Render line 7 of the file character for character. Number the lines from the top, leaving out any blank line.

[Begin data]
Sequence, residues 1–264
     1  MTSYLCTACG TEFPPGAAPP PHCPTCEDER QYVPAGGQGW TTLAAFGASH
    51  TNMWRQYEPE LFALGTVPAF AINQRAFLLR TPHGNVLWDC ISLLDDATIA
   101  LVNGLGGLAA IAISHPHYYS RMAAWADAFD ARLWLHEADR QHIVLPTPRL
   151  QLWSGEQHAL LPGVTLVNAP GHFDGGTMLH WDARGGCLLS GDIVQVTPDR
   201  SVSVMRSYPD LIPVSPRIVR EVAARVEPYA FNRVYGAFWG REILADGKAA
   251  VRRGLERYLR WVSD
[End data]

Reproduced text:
   251  VRRGLERYLR WVSD